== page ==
As previously mentioned, neuropsychiatry is a sub-specialty within psychiatry. Therefore, doctors going down the neurology training route with an interest in the psychiatric aspect of presentations they might encounter may not come across neuropsychiatry as a career option or may find themselves having to retrain to pursue that path.
To add to the complexity of the situation, neuropsychiatry higher training is not as straightforward as the others.
It is not a sub-specialty that is formally recognised by the General Medical Council (GMC), the regulatory body of medical training and practice in the UK. Therefore, aspiring neuropsychiatrists tend to have to carve out their own training pathways to meet the competency requirements to become a consultant.
CV-building activities, such as completing a master’s in Clinical Neuropsychiatry, are useful pursuits in the training process.
Currently, there are plans by the Faculty of Neuropsychiatry of the Royal College of Psychiatrists (RCPsych) to make training in the sub-specialty more structured by providing a curriculum and syllabus, which will hopefully lead to its formal endorsement by the GMC.
But could we go one step further?
After thinking about the dilemma the current situation poses for doctors keen on both specialties, I believe the best next step for the evolution and future of the discipline is the implementation of dual training in both neurology and psychiatry.
THE BEST OF BOTH WORLDS
Dual training in neurology and psychiatry is not a new concept.
For example, it already exists in the United States (US), such as the programme offered by New York University. Residents (registrars) dual train in neurology and psychiatry for six years, an extra two years than the four-year singular neurology and psychiatry residencies.
The curriculum is created by the American Board of Psychiatry and Neurology (ABPN), which oversees neurology, psychiatry, and dual neurology and psychiatry training in the US.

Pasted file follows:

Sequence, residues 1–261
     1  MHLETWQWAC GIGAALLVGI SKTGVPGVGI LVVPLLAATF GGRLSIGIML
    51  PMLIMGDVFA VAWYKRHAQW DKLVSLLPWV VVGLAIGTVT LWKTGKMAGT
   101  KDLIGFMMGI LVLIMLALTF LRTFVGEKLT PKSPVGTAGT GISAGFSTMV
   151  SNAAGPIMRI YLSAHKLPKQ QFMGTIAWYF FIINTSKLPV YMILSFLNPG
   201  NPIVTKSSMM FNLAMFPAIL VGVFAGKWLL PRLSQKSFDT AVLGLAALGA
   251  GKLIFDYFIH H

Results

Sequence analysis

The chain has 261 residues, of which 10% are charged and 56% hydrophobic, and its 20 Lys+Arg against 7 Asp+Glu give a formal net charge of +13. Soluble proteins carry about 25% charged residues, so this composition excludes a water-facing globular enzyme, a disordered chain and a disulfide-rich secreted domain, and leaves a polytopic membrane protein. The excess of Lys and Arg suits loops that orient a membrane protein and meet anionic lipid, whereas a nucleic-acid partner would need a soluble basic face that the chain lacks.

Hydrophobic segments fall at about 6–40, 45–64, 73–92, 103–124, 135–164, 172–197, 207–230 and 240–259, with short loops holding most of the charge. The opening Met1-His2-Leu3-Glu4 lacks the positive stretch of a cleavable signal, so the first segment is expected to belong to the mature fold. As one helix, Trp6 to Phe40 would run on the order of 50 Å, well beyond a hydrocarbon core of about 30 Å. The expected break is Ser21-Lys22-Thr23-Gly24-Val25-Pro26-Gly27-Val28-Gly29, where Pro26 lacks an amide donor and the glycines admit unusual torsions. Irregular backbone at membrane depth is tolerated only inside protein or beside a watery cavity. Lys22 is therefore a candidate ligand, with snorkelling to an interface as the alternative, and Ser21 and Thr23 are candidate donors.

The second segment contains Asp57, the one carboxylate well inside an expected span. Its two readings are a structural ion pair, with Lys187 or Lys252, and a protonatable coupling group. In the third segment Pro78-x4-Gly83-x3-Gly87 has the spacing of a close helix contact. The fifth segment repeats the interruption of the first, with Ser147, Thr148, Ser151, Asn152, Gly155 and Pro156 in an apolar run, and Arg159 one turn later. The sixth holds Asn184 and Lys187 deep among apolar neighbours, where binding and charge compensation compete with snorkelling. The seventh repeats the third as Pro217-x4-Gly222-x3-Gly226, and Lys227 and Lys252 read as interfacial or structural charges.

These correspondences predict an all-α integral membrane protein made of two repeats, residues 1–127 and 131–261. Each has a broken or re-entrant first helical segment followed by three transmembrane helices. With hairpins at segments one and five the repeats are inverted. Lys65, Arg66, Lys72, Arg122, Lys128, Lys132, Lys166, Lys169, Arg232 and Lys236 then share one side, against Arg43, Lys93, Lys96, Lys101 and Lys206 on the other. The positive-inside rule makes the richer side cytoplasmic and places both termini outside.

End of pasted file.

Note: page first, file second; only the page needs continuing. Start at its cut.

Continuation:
The fact that the curriculum and certification of the individual neurology and psychiatry residencies is provided by the same board sets an example in emphasising that neurology and psychiatry are not dichotomous disciplines and should be housed by the same training body.
To put things into perspective, having separate specialty boards represent neurology and psychiatry would be analogous to having obstetrics and gynaecology represented by two separate boards.
It sounds absurd and goes against the norm we have accepted for obstetrics and gynaecology training to be joint — after all, they are both related to the female reproductive system.
Yet that absurd situation is exactly what exists for neurology and psychiatry training in the UK: neurology is overseen by the Royal College of Physicians (RCP) as a ‘medical’ specialty and psychiatry by the RCPsych.
But why? After all, they are both related to the nervous system.
Psychiatrists and neurologists should be trained in both specialties to achieve the higher level of competence and holistic training their patients deserve.
You wouldn’t expect an obstetrician to not have the sound understanding and knowledge of gynaecological conditions required to enable them to manage gynaecological presentations, and vice versa. This is even most likely virtually impossible because of the design of their training programme.